Tuesday, April 7, 2009

Please write letters to the editor NOW (talking points below)

We need media coverage about permitting problems with Healy Coal Plant No. 2 through letters to the editor and op-eds from citizens who want to assure that Healy’s operations will not harm air quality or pose a danger to public health.

Messages should not focus on wholescale abandonment of the project, but rather that, if Healy 2 ever does start up, it must have proper technology and its operations must be consistent with Clean Air Act requirements in order to protect human health and safety and environmental quality.

Please write letters to the editor NOW (talking points below).

Asking DEC and EPA to make sure the Healy permits are stringent enough to comply with the Clean Air Act and protect public health and the environment.

Demanding that the plant not be allowed to renew and apply its outdated existing permit, which was granted 10 years ago, to a different plant, with different combustion technologies.

Demanding that GVEA and AIDEA apply for new permits that comply with Clean Air Act requirements in the interests of public health and the environment.

Peninsula Clarion
Dori Lynn Anderson, Editor

Cinthia Ritchie, Seward Phoenix Log

Jenny Neyman, Redoubt Reporter
phone: 394-6397

Homer News
Lori Evans, Editor

Homer Tribune

Talking Points

Alaskans have a right to breathe clean air. Healy was designed to burn waste coal under a permit that was granted more than 10 years ago. The only way to ensure that air quality and public health are protected is to subject the plant to a new permitting process that fully analyzes the proposal and ensures current, more-protective standards are met. Coal is dirty. Burning coal releases mercury and carbon dioxide emissions into our air, into our lungs, and into our food supply. GVEA is taking the position that no new permit is required to begin operating Healy Coal Plant No. 2. Without proper permitting, air quality and public health will be compromised.

The Healy Plant has been closed for ten years. The technology is questionable. It’s just common sense to ask to ensure that public health, clean air and clean water are protected from outdated technology.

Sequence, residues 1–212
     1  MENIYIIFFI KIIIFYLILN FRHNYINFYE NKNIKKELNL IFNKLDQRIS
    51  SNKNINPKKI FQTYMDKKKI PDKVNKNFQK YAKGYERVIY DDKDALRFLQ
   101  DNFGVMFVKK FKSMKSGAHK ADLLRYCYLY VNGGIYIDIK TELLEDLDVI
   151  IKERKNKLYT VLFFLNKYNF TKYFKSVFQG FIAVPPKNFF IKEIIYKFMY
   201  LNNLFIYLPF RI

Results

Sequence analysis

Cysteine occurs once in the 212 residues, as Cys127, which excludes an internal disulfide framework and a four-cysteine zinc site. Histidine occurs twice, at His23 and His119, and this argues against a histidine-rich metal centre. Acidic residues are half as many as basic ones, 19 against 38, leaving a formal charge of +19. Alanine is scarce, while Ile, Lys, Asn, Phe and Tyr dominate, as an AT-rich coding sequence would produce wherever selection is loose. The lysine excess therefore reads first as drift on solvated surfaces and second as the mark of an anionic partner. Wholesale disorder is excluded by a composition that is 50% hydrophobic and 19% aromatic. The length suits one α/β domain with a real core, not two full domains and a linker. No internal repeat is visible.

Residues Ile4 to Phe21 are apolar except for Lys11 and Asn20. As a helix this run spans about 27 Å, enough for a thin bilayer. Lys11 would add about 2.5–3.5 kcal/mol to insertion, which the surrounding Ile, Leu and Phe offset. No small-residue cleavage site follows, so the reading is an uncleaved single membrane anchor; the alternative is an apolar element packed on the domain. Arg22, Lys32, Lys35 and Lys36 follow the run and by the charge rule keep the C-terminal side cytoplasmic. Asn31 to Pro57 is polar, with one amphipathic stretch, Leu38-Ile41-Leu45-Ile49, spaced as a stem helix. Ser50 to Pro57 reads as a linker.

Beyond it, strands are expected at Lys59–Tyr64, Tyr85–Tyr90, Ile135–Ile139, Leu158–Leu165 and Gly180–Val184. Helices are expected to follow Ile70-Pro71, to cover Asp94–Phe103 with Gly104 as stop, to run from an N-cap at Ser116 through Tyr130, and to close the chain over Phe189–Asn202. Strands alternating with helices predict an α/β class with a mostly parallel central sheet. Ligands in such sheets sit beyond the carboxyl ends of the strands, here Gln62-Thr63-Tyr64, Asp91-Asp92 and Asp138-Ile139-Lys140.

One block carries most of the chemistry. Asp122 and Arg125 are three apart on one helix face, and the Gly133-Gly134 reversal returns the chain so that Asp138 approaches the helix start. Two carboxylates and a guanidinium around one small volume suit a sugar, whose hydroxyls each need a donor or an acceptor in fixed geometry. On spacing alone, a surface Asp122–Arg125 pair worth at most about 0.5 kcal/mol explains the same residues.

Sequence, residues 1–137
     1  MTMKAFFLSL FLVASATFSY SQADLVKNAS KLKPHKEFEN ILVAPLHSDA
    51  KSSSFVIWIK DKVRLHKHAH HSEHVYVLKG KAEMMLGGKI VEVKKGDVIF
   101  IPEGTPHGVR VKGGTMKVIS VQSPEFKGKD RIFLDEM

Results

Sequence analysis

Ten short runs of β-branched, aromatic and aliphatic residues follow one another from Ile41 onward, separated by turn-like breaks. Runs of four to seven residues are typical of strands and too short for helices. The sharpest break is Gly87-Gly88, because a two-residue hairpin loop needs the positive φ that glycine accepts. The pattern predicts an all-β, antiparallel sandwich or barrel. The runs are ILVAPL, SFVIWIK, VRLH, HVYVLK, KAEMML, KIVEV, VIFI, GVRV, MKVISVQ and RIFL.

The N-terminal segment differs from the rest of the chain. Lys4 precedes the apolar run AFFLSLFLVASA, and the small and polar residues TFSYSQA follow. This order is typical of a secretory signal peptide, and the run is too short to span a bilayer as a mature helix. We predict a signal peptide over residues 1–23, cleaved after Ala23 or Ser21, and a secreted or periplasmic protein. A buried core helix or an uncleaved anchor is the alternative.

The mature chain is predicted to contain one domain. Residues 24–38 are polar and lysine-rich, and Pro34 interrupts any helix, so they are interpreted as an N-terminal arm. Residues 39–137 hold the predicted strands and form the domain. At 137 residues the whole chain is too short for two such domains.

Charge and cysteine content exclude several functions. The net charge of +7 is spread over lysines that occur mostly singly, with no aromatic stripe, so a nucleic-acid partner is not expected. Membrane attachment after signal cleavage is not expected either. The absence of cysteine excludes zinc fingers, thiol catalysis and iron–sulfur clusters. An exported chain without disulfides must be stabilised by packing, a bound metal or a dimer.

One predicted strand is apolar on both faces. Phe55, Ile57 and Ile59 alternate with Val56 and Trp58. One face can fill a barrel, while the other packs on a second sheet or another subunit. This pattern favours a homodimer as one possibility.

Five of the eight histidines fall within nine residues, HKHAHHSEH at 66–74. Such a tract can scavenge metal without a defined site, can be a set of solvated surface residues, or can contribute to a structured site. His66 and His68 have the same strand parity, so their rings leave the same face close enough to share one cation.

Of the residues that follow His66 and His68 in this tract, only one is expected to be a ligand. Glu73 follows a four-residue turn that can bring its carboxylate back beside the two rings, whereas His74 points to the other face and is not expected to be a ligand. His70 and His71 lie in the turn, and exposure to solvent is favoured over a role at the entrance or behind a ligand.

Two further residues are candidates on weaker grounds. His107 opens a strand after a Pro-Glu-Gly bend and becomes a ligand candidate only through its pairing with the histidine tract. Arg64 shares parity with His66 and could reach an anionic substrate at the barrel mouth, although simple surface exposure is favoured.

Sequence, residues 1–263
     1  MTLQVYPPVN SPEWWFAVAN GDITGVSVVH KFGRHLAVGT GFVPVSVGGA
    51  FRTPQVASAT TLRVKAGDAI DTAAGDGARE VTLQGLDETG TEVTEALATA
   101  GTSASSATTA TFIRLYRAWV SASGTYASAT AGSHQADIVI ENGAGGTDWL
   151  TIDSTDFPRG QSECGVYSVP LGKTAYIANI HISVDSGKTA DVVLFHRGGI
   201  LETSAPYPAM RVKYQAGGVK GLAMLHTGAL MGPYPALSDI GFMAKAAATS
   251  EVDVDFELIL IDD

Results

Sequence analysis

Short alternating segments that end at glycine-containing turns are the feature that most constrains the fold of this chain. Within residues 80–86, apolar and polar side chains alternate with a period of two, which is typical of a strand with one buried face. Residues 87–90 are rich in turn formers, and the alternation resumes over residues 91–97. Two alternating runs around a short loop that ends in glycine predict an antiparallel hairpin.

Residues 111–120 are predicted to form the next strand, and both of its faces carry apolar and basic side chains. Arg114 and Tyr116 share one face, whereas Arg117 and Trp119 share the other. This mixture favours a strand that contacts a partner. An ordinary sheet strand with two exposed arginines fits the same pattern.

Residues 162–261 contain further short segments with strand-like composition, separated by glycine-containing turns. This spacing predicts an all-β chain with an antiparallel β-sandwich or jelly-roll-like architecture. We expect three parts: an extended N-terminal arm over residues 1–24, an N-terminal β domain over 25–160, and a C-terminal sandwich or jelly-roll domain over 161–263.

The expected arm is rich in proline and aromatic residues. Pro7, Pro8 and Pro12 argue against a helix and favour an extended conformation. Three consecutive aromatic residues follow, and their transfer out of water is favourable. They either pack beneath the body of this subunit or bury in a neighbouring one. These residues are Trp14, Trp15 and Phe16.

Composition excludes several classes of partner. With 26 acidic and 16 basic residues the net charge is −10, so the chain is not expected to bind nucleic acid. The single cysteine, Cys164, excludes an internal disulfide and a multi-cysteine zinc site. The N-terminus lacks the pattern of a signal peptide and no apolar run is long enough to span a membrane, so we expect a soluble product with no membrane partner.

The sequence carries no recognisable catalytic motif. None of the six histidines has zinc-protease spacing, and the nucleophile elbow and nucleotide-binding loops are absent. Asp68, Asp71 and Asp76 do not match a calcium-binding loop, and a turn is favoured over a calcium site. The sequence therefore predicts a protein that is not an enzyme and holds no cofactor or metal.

The Healy plant has been closed for 10 years and its decade-old technology was not designed to mitigate the more recent health concerns of mercury and carbon dioxide emissions. Healy’s technology was not clean 10 years ago – that’s part of the reason the plant never started up full operations –and is not clean today. Under these circumstances, it is logical that new permits are issued before this plant can operate safely.

DEC has an obligation to make sure its permits protect public health and ensure clean air and water .
DEC is obligated to protect public health and the environment through its permitting process for the Healy Coal Plant No. 2. Before the plant is allowed to operate, DEC must carefully review its permits to make sure air quality protections under the Clean Air Act are guaranteed. The Healy plant can pull the switch only when it can be shown that its permits meet Clean Air Act standards and requirement.

Communities and park lands are at risk from air pollution unless we make sure Healy runs clean.
GVEA and AIDEA have a moral obligation to ensure that Healy is properly permitted in a manner that protects public health – particularly pregnant women, the young and the elderly – clean air and clean water from mercury emissions and other toxic pollutants.

GVEA will pass additional costs of start up and environmental compliance onto ratepayers. Ratepayers should know how much their rates will go up and what they will have to pay for permitting the plant to comply with new environmental standards, and other start up costs. Ratepayers have the right to know how their rates will be affected before HEA commits to a power sharing agreement.

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